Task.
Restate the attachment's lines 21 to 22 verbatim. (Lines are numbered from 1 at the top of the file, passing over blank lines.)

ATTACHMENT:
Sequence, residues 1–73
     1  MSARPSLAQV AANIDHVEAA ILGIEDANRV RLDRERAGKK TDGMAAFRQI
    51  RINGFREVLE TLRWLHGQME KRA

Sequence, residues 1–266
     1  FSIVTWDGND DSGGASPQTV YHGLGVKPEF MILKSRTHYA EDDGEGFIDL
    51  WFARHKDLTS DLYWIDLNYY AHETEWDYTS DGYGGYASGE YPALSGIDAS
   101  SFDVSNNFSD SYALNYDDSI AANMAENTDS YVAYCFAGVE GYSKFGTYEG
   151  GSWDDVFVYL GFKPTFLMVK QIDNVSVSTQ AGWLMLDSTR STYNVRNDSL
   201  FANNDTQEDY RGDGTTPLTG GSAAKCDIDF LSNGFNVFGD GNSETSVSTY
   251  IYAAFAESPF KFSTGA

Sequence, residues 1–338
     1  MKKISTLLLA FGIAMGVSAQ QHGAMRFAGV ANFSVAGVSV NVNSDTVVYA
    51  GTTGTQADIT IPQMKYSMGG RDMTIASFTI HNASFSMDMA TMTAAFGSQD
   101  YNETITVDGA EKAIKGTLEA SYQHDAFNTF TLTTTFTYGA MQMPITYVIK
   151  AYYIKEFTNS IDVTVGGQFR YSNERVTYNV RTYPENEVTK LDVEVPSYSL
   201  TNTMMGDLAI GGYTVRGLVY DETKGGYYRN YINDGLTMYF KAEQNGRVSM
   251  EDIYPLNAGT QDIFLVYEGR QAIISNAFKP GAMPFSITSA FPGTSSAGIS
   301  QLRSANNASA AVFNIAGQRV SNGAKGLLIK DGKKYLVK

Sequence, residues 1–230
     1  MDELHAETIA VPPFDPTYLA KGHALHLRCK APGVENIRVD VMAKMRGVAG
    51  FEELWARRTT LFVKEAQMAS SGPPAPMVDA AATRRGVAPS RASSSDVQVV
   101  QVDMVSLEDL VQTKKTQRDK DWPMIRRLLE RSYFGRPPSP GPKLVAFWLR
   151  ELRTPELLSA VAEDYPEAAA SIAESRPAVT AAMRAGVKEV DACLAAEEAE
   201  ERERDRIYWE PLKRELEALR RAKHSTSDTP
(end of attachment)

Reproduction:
    51  FEELWARRTT LFVKEAQMAS SGPPAPMVDA AATRRGVAPS RASSSDVQVV
   101  QVDMVSLEDL VQTKKTQRDK DWPMIRRLLE RSYFGRPPSP GPKLVAFWLR